You may notice fewer bugs outside during the winter, but fleas may stay with you all season long! Since fleas thrive in warmer temperatures, your furry friend and heated home are the prime environments for fleas to stay warm and cozy during the cold winter months.  

Here’s what you can do to keep your pet comfy and your home flea-free this winter. 

Prevent Infestations 

It’s a common misconception that fleas aren’t active during cold weather, so don’t let your guard down as cold fronts roll in.  

Fleas enter the home when they latch onto your pet’s fur, usually when your pet goes outside or has a brush with an infested pet. A flea can start laying eggs within 24-36 hours of tagging along and feeding on your pet’s blood, so killing adult fleas before they can reproduce is the first step to preventing an infestation.  

Flea preventative prescriptions, whether topical or oral, work by killing fleas that have already bitten your pet. They won’t prevent fleas from snagging onto your pet or biting them. That means, a pet on flea prevention can still bring fleas home and spread them to other pets in the household. It’s just as important for your indoor cat to receive consistent flea prevention as it is for your outdoorsy dog! 

Essential Tip: Fleas aren’t the only pests that remain active during the winter. Remember that your pet should receive heartworm prevention during this time as well.  

Consistent Cleaning 

Flea eggs shed from your pet’s coat into your home. Vacuuming your whole home regularly will help you keep a flea infestation at bay. Flea eggs and larvae may not only live in carpets but can also be found between floorboards and tiles!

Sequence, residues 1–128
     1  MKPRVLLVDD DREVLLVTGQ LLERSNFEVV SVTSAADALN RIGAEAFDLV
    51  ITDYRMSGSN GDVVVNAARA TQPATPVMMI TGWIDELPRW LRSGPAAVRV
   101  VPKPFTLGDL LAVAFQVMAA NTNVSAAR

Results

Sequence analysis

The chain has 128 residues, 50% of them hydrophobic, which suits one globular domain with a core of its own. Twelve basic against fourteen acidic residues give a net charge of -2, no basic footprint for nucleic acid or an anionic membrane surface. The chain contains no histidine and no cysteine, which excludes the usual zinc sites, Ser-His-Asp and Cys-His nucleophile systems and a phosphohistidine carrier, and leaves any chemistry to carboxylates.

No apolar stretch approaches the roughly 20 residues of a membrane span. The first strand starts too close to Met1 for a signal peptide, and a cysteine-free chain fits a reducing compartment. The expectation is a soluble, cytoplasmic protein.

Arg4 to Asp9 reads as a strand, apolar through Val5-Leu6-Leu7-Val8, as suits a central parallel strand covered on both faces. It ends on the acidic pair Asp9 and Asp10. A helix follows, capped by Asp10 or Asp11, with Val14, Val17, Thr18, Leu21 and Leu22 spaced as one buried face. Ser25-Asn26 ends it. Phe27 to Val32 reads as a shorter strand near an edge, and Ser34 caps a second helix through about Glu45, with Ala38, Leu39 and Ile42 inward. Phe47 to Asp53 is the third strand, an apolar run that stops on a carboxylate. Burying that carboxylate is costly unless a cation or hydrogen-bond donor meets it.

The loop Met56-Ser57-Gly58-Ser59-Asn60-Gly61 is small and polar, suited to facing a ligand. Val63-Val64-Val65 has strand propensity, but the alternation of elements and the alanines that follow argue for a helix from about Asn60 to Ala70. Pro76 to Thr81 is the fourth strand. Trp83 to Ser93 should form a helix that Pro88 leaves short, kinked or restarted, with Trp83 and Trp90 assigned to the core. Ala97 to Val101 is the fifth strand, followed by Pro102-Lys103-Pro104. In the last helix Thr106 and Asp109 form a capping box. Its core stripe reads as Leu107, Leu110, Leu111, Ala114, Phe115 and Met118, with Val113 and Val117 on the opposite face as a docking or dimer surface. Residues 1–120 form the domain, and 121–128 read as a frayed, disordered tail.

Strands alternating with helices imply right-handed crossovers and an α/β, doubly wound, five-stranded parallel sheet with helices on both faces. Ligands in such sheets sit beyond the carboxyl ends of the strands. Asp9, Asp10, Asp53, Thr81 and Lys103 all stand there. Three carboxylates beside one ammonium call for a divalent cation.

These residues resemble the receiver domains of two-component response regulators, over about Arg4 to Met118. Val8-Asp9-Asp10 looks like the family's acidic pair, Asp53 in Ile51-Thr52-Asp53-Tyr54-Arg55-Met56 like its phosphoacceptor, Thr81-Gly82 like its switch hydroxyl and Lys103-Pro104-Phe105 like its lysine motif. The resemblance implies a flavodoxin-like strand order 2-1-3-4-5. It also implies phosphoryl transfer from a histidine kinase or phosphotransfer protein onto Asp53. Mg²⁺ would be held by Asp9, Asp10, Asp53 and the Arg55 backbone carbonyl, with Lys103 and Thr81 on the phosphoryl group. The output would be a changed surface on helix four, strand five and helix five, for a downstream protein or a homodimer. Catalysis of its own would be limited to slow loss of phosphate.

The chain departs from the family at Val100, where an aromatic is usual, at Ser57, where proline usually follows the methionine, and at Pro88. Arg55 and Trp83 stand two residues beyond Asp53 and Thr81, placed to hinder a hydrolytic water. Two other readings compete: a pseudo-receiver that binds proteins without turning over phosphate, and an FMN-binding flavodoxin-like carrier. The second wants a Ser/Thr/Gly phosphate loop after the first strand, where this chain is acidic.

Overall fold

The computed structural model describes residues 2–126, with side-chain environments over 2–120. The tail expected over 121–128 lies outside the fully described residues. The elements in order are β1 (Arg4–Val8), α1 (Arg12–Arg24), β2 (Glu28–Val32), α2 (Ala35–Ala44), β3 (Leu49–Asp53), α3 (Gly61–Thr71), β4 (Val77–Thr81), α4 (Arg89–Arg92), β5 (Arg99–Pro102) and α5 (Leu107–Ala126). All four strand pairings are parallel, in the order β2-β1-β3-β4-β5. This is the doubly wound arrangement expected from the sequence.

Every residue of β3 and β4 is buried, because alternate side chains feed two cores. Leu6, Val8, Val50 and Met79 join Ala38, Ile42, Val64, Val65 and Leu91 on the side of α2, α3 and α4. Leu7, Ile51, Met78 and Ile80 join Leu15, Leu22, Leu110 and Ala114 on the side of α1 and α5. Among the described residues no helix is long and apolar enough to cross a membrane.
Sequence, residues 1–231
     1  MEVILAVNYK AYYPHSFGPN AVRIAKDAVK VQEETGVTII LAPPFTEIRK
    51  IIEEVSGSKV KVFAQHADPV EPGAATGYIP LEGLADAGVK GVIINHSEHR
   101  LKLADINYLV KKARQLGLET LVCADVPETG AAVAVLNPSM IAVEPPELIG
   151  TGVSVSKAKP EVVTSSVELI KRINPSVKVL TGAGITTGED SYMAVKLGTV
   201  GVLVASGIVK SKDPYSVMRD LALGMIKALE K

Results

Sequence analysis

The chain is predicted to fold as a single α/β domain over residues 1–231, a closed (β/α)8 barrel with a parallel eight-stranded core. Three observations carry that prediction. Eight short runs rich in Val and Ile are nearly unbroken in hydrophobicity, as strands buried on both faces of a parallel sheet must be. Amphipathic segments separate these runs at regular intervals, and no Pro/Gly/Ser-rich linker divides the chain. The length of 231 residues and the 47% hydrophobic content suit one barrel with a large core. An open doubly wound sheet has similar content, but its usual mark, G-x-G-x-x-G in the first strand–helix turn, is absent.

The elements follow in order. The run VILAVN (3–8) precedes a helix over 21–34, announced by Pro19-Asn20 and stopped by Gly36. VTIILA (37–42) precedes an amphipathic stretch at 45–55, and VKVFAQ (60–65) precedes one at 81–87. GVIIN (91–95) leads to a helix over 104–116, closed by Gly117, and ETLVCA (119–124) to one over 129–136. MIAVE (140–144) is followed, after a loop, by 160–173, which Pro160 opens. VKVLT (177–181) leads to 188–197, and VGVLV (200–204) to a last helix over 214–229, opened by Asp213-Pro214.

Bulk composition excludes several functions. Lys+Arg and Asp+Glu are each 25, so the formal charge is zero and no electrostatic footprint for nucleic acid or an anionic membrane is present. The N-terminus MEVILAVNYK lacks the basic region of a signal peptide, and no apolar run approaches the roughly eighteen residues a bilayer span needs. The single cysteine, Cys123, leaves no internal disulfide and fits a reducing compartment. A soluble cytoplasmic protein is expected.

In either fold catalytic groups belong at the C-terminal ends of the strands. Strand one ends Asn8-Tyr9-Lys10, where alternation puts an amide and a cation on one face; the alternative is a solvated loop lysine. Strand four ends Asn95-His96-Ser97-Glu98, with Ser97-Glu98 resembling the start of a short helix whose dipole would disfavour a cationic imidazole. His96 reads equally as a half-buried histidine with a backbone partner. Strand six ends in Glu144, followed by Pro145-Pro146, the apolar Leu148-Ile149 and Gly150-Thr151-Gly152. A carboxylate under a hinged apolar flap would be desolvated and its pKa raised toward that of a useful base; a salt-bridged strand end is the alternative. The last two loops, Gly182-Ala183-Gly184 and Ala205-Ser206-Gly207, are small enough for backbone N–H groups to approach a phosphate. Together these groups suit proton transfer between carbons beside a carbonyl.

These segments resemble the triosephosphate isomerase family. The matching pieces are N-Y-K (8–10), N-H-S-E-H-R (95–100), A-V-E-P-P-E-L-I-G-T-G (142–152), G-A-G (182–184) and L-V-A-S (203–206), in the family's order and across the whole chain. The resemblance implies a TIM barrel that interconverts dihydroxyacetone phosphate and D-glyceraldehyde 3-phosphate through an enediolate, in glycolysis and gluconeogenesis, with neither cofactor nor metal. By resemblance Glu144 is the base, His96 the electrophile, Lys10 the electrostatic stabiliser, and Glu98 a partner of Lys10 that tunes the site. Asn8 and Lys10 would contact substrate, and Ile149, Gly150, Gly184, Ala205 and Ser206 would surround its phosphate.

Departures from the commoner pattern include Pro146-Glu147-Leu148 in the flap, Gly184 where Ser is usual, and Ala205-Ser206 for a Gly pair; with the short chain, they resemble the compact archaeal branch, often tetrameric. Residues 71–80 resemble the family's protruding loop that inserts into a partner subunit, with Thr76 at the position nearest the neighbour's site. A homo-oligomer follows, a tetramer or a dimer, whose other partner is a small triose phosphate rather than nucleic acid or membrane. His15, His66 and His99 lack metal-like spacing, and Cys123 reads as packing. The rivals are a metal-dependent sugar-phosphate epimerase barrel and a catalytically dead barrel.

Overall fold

Additionally, make sure to wash your pet’s bedding and blankets routinely with hot water to kill any eggs that may have shed from your pet’s coat.  

Use a Flea Comb 

flea comb is a helpful tool to get a head-start on removing fleas from your pet’s coat. It’s possible you could release fleas and their eggs from your pet’s coat when combing them, so you’ll want to only use a flea comb outside or in an easy to clean area, like your bathtub. Also, keep a bucket or cup with hot, soapy water on hand. 

Comb in the direction of your pet’s fur, starting from their head then working back towards the tail. If you come across a flea, remove it and stick in the bucket. Dip the comb in the bucket after every few strokes to remove any eggs and prevent their spread.  

Be Careful with Home Remedies 

You don’t have to go far on the internet to find some questionable flea remedies. Unfortunately, this advice is usually not very effective and only prolongs your pet’s discomfort. Worst of all, some suggestions could even be dangerous to you and your pets.  

Steer clear of any remedy that recommends applying motor oil, essential oils, or garlic to your pet’s coat. All of these are toxic and dangerous to pets.  

Another example is diatomaceous earth. While it may kill fleas in the environment, it should never be applied to pets topically. The dust can cause respiratory irritation if inhaled and GI upset if ingested. Due to the environmental risk this type of sand could pose to you and your pet, we do not advice trying this in your home.  

We’re Here to Help! 

If your pet is experiencing an itchy spell, start with a visit to your veterinarian. A flea infestation may mask additional causes of discomfort, like food or seasonal allergies, skin infections, mites, or other external parasites. 

Our Skin Package includes a veterinary exam of the skin, diagnostics to get to the root of the problem, treatment recommendations, and prescriptions for flea prevention and any other medication to help your pet recover, if needed. Our bundled Skin Package is $50 and only $40 when added to vaccines